The Makah Tribe Wants to Resume Hunt Whales, NOAA Must Pick a Side in Animal vs. Tribal Rights

Members of the Makah Tribal Council, seeking a federal waiver to resume whale hunting, attend a hearing in Seattle. Image: Carolyn Cole / LA Times

As the LA Times recently reported, this year, an administrative trial in Washington state could dictate whether the Makah tribe can resume hunting gray whales. The Makah, who live in Washington’s Olympic Peninsula have asked the National Oceanic and Atmospheric Administration for a waiver from the Marine Mammal Protection Act so they can restart their traditional whale hunt, harvesting up to 20 animals over the next 10 years.

The Makah aren’t asking for a waiver for subsistence reasons, they feel that hunting whales is integral to their cultural identity as well as their right under the 1855 Treaty of Neah Bay which granted the tribe the right to whaling and sealing in exchange for ceding part of their tribal lands. 

The History: In the United State the Marine Mammal Protection Act makes it illegal to “take” marine mammals without a permit. This means people may not harass, feed, hunt, capture or kill any marine mammal. Additionally, the International Whaling Commission (IWC) places very specific catch limits on how many whales can be hunted by indigenous tribes in both Russia and the United States.

That said, the Makah have had a long and complicated history in their effort to acquire a whaling permit from NOAA. What the tribe is asking for isn’t an expansion of the whale catch limit but for NOAA to grant them a share of the quota already established by the IWC.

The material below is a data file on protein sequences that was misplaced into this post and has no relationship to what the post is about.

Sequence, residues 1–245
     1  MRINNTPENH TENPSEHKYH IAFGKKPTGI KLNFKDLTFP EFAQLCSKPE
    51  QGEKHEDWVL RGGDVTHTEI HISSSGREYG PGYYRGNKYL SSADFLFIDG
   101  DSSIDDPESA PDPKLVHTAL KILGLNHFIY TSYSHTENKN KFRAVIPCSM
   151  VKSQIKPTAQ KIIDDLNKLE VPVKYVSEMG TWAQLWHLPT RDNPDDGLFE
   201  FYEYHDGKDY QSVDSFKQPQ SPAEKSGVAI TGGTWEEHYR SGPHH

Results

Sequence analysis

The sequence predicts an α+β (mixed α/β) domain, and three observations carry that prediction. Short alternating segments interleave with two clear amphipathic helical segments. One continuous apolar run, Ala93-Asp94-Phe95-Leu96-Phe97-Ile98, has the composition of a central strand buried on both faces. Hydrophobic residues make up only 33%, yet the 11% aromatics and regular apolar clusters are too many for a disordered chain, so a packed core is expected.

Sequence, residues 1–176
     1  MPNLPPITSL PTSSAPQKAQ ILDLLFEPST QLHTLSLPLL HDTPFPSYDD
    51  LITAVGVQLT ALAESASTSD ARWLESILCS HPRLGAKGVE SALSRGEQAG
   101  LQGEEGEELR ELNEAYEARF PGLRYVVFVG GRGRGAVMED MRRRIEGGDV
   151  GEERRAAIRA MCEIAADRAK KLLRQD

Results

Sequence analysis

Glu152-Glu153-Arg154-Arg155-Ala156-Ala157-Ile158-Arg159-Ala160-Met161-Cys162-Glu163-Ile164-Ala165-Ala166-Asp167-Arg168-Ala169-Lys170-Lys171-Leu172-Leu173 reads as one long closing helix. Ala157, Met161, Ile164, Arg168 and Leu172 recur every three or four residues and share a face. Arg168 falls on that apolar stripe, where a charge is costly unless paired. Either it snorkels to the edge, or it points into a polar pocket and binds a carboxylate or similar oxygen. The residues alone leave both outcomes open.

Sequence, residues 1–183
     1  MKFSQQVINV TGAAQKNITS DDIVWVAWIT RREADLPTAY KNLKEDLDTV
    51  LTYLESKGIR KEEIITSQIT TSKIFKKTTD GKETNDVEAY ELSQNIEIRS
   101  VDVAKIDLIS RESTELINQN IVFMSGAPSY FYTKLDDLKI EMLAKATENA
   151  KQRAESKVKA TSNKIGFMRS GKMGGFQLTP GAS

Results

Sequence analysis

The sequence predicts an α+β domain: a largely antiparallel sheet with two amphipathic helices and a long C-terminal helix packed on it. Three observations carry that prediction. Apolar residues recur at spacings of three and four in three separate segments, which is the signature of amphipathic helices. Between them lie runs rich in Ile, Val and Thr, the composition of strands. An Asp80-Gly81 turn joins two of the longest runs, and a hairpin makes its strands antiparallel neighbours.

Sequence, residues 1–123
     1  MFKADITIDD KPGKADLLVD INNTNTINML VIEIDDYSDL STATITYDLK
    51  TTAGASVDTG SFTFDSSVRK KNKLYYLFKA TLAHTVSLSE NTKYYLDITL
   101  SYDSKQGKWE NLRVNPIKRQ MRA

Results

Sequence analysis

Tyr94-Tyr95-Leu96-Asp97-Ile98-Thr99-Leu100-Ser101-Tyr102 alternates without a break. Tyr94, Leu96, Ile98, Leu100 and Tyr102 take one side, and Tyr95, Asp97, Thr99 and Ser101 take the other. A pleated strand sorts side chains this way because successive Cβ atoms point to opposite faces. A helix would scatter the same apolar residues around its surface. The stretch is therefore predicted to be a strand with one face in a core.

The Hold Up: Firstly, many environmental groups feel that hunting whales for a purpose other than subsistence is cruel as whales are highly intelligent animals that live in close family units similar to that of humans. Additionally, gray whales are inexplicably dying off in large numbers along the Pacific Coast. On May 31, NOAA announced it was investigating an “unusual mortality event” among gray whales. More than 214 have washed up along North America’s west coast since January.

  • The die-offs represent the second-worst year on record for gray whales, which were hunted almost to extinction in the late 1800s. It could represent as much as 10% of the species’ total population.

The Path Ahead: Environmental advocates and the Makah tribe publicly battled at a trial last month in Seattle, where Administrative Law Judge George Jordan listened to seven days of testimony from nearly two dozen scientists and activists. Jordan is expected to submit a nonbinding report with his opinion to the federal government in January. After a period of public comment, NOAA will decide whether to grant the waiver and allow the Makah to apply for a hunting permit.

Why This Matters: This is a really complicated story that puts animal rights at odds with indigenous rights. Both the Makah tribe as well as environmental groups have valid arguments for and against hunting whales but ultimately the decision will come down to NOAA’s decision. However, when it comes to global whale populations we have numerous threats to contend with. For instance, yet another dead whale washed up with a stomach full of trash and North Atlantic right whales are teetering on the brink of extinction as a result of human activity.

Go Deeper: For Alaska’s indigenous people that rely on whales for food, a rapidly warming planet is impacting the ice cellars they’ve used for generations to keep whale meat frozen underground.

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